Friday, February 24, 2012

Home Front: Outages, news and contact

As you may have heard (or been affected by) there was a widespread internet outage in Australia yesterday which hammered home one clear message. I need a radio. With all my technological toys, and EDC kit, all stashed away, it took the plug being pulled to remind me that without data, I was just sitting in my office, wondering where the flash was. Of course, the power was on, the phones and cellular networks were still functioning, and some national sites were still active, so I wasn't worried about an immediate, local situation, but when the internet dries up ... I sat up and paid attention.

So, a radio. I was thinking a lightweight, world-band battery powered one, as it could also be charged by one of my solar chargers and would give me the potential for listening out to further reaches than just FM or AM reception, which is why I favour this over the hand-cranked emergency radios I've seen, even though they have a range of good functionality as well.

I'm of two minds on what to equip myself with, but the message was clear, when the internet went out, I was cut off from all news-sources I currently had available. Web-cast radio was offline, as was Google, Twitter, Facebook and so on. There were plenty of jokes about the Arab Spring going around, and even about current Australian political cat-fighting being to blame (a petulant cable-pulling was mentioned).

I really didn't like not being able to get the news. I'm glad I got that wake-up now, when it doesn't matter.

Thursday, February 23, 2012

Review: Going Solar!

When the going gets rough, and the lights flicker out, we will want to power and run our gadgets and drive back the night with the familiar glow of electric lights. I've been collecting solar chargers for a while now, and I thought I would give you a quick review of them.

First up is the B-Squares Modular Solar Electronics which I backed on Kickstarter. This allows the user, in theory, to run a USB outputting rechargeable triple AAA charger, a set of LED lights, or a iPhone charger. The single solar square generates 0.325W of power, which is enough to run the LED's, charge the batteries or run the iPhone. Or at least, it's supposed to. I have had little or no luck with it, and am afraid to say I've been very disappointed with this device. 

 The second of these devices is the original Solio Universal charger which is a mains-capable charger, with a battery pack. It folds out into a tri-leaved floret  is capable of output ranges from 1.5 to 5W, the internal rechargeable battery has a capacity of of 3.7V 1000mAh. It comes with a variety of output ends for the included cables and will even charge iPhones via a USB output. One cool feature of this is that it can be orientated by feeding a pencil through the central hole, propping it up to achieve maximum solar  contact. I've been very happy with this device, and take it camping and adventuring with me frequently.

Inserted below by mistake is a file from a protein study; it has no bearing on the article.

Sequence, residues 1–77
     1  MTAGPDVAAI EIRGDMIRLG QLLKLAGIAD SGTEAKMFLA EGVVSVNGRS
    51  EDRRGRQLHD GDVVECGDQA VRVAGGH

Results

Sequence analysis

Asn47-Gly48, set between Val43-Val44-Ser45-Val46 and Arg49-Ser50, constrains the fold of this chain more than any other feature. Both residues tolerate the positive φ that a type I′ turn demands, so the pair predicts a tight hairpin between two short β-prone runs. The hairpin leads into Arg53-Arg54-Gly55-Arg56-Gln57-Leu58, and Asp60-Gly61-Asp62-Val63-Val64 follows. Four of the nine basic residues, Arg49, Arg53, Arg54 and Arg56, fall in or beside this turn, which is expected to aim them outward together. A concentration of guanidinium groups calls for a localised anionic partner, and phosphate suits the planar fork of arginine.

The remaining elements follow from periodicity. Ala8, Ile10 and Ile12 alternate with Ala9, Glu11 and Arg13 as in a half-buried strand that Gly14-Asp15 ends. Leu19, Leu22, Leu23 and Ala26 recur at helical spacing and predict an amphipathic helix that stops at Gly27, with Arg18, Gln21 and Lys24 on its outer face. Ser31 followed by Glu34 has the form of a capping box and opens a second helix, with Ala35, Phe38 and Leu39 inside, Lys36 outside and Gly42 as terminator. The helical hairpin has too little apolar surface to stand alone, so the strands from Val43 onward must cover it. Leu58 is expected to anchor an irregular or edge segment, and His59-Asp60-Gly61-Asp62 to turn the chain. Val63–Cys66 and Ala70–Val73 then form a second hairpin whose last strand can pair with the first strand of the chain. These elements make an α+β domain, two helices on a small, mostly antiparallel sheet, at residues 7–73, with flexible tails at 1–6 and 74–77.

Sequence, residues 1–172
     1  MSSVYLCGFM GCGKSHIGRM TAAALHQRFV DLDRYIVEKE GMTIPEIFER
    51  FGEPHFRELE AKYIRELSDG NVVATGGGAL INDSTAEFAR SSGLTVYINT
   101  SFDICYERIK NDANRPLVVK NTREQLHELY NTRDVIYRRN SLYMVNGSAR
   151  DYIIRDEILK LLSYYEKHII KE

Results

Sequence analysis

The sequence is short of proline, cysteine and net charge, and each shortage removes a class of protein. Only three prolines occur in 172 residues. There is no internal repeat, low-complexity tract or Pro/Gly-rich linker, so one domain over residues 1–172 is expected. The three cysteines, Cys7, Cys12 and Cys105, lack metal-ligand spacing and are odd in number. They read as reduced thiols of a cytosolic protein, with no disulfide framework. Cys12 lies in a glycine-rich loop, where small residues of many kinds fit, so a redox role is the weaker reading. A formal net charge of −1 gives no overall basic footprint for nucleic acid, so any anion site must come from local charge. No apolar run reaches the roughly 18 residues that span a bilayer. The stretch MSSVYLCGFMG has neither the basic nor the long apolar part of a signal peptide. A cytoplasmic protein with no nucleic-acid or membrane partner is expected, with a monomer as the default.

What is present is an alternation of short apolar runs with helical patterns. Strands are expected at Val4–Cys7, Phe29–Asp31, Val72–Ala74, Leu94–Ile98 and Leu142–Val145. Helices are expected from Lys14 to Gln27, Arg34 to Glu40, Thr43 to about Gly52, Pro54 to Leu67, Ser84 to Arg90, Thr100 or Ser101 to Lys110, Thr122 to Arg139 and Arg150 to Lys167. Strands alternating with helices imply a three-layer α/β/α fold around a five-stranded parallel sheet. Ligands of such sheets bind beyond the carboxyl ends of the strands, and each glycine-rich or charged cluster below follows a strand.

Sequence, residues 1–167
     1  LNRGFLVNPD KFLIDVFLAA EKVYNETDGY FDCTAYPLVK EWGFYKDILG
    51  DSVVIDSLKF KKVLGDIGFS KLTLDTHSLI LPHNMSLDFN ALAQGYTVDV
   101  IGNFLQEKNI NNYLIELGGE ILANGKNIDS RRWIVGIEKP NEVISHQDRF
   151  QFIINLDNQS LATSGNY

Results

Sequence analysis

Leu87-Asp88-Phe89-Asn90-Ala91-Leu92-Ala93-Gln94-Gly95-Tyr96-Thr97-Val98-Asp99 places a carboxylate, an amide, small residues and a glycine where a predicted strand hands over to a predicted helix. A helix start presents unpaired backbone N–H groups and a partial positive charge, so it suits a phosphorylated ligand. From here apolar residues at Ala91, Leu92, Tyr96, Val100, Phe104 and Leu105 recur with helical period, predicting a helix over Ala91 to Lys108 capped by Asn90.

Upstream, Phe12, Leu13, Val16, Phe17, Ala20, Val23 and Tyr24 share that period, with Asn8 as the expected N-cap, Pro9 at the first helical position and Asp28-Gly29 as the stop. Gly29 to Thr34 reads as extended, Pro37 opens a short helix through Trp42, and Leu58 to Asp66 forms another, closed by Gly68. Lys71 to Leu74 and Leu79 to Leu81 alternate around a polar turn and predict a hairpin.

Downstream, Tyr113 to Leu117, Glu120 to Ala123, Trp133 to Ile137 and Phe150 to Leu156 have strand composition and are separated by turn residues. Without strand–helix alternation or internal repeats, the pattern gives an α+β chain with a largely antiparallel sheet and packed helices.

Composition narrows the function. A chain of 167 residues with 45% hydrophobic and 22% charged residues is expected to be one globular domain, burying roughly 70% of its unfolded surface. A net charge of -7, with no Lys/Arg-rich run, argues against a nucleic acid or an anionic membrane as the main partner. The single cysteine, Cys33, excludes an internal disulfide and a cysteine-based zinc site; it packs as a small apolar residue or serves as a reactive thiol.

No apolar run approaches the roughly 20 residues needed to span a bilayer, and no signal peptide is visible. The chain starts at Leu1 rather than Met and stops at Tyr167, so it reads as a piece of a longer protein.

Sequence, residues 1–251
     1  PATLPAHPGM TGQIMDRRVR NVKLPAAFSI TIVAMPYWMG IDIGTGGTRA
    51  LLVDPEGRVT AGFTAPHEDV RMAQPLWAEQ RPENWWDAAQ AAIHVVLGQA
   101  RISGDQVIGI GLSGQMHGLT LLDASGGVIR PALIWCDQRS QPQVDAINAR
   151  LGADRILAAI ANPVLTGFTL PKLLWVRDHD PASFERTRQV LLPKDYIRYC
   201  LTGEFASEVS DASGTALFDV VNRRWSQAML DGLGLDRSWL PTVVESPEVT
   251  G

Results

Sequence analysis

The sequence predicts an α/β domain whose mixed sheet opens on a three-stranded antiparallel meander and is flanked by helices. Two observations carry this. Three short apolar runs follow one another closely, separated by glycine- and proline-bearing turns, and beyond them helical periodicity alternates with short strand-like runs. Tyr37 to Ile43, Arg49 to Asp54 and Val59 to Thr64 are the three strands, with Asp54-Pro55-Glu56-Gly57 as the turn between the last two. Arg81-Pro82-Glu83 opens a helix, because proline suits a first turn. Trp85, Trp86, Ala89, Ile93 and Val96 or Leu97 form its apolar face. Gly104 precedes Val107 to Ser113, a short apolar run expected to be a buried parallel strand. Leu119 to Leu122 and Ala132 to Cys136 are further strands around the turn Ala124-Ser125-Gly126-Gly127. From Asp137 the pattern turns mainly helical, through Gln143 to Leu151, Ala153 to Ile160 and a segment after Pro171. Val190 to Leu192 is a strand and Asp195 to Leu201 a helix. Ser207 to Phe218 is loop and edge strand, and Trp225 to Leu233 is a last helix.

Lastly is the solar charger that came with another Kickstarter project, the Packlights which I have previously reviewed. I delightful sweetener to their deal was the inclusion of these purpose built charger and battery packs. Also mains-chargeable, these these packs generate  0.77W at a Voltage of 5.25 +- 5% and the internal battery has a capacity of 2200mA with an output of 5.6V at a maximum current of 600mA. It includes a USB output, and both a bright LED light, and a dim LED charge indicator. Another interesting feature is that they give estimated times for charging, which are: by Solar Charge:10-14 hours depending on lighting & weather conditions and by DC Charge: 2-3 hours where the charging current: 140mA (per hour). This is a really nice package, and I'm very glad i acquired two of them. They fit nicely stowed into one of the Platatac FUP pouches so I can imagine wearing them out in the field, ready to recharge my tech. 

Wednesday, February 22, 2012

Home Front: Salvage

 Sometimes preparedness takes the form of being able to spot and collect items that have been discarded or lost, and make good use of them. I've always had an eye for the left-behinds and dropped, and discarded. When "hard-waste" removal comes along, and the sidewalks are loaded with other peoples junk, I can't but help to pass my eye over it. I think there is probably a fine line between salvage and hoarding, and I hope I stay on the not-scary-cat-person side of that line. Same goes for items dropped on the street, or left behind of trains and trams. Here's an example of this. The checkered and tasseled shemagh was laying by the side of the road after a storm, and after a run through the washing machine I found that it was one of the softest and warmest I've ever had. The soft-shell black vest vest was laying over the back of a park bench in the morning, and still there when I passed in the afternoon.

Into the bag it went.

It has a nice mesh liner and internal and external pockets. And it was free. Under that is a red hard-shell jacket, with reflective tape, internal and external pockets, zipper and hook-and-loop closure, a hood under the collar and is waterproof. Again, a dropped item left laying on the footpath. I make a habit of leaving things where they lay for a decent length of time, so their rightful owners can happen back that way and collect it, but after that, I consider it fair game.

Same goes for junk left by the road-side. This high-chair was left out for the junk collection, but made it's way into the back of my car, and with some scrubbing and adjusting to make up for its missing parts, both Triceratops Girl and Tactical Baby have made good use of it. This is more a factor of mindset rather than any particular skill-set or item.